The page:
Schools in the Trumpington area, 1950s Ordnance Survey map annotated by Howard Slatter.
• education and schools in Trumpington, 17th-20th centuries (Shirley Brown)
• St Faith ‘ s School (Howard Slatter)
• the Perse Preparatory School (Edmund Brookes)
• Fawcett School (Ken Fletcher)
• my experience of the Church School (Margot Andrews)
The former Church School, from Grantchester Road. Photo: Andrew Roberts, August 2008.
The first schools in the village were funded by bequests from individuals such as William Austin (1679) and Thomas Allen (1681). The Austin bequest was for four poor children to be taught free of charge until they could easily read the Bible. This took effect in 1708, when the parish appointed a School Dame and it was possible to support 11 poor children. By the 1780s, there were c. 25 scholars out of 80 children in the parish and the Pemberton family had taken responsibility for the endowment. James Cuming was appointed Master in 1783 and remained in office until at least 1837. Girls as well as boys were enrolled from 1786. From the 1790s, education provision became more complex, with Cuming also running a boarding school and the vicar (Thomas Heckford) running a grammar school, while in the 1810s there were four dame schools, evening classes and a Sunday school.
There have been a number of education establishments in Trumpington since the early 19th century and the map shows the key locations. This growth reflects national developments in education, summarised by Howard Slatter.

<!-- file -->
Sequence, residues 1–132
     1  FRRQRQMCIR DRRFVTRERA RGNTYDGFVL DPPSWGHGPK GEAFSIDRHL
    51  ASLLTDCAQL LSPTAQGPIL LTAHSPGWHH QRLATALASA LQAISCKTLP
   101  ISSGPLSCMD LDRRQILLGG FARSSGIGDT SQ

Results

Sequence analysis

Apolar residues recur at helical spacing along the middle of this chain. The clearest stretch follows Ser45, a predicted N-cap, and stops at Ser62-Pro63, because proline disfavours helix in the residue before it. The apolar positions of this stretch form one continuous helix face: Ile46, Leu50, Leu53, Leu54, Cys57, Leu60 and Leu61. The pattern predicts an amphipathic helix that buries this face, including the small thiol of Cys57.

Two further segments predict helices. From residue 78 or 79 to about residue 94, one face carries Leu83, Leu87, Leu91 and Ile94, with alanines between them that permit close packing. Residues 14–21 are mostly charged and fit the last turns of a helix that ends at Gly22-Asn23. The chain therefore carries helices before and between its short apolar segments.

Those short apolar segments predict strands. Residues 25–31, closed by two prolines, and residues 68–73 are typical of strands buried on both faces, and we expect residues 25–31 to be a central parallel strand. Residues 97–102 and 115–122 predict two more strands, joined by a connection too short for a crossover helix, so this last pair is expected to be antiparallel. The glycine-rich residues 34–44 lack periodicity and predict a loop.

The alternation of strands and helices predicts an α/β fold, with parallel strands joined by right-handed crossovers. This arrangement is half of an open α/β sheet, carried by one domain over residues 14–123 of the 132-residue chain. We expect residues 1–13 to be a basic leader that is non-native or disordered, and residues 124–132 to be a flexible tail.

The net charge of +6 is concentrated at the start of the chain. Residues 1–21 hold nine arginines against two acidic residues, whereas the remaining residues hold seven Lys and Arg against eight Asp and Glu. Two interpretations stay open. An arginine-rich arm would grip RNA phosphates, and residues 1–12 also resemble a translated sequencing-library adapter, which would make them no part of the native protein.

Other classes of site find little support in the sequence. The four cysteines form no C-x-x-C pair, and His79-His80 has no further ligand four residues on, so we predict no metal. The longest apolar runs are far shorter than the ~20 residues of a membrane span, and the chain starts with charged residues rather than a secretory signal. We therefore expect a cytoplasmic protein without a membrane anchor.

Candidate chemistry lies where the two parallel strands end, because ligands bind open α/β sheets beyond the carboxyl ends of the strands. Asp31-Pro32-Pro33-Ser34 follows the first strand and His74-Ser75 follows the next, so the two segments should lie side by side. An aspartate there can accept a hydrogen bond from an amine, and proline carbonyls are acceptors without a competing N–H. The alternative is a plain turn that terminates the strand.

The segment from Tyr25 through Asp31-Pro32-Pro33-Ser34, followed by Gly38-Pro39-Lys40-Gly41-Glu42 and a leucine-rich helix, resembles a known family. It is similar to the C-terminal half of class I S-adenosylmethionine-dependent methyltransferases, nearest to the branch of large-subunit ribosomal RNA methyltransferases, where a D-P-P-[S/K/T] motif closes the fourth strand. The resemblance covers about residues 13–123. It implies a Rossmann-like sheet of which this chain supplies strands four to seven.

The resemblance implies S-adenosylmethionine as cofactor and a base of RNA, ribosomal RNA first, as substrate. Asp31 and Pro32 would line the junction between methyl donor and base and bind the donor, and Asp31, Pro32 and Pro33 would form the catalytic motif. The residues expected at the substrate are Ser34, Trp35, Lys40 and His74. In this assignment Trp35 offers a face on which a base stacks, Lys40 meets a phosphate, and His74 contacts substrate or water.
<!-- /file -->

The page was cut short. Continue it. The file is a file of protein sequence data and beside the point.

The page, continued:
After the Second World War, there was also a Farm School in Trumpington. Michael Hendy was told about this by Joe Clarke, who attended the school in the early 1960s. The Church Hall was used as a classroom and tractors and equipment were kept and used at Anstey Hall. Anstey Hall was at that time the HQ for a lot of the Ministry of Agriculture’s advisors as well as having the workshops for the experimental drainage unit, so it had a good resource for training purposes. The Farm School provided training to apprenticeship level, very much targeted on practical skills, ploughing, sowing, spraying, harvesting, as well as workshop skills including welding and general mechanics. Tom Parsons was farming Anstey Hall Farm, and allowed it to be used for examinations and tests; he also undertook some of the examining duties. The late Ken Benfield was the main lecturer specialising in engineering. He later became the principal of the much expanded farm school when it moved to its current site at Milton, now a branch of West Anglia Agricultural College.
Fawcett Primary School was established in 1989 by the combination of the infant and junior schools. The school has continued to extend and there are plans for further expansion as new housing developments are built in the southern fringe of Cambridge. A Children’s Centre was formally opened within the site on 13 November 2010. The original infants area is now the Cambridge Professional Development Centre (CPDC).
Entrance to St Faith’s school with St Faith’s house in the background. Photo: Howard Slatter, 2010.
Perse Preparatory School in the 2000s. Photo: Edmund Brookes, 2010.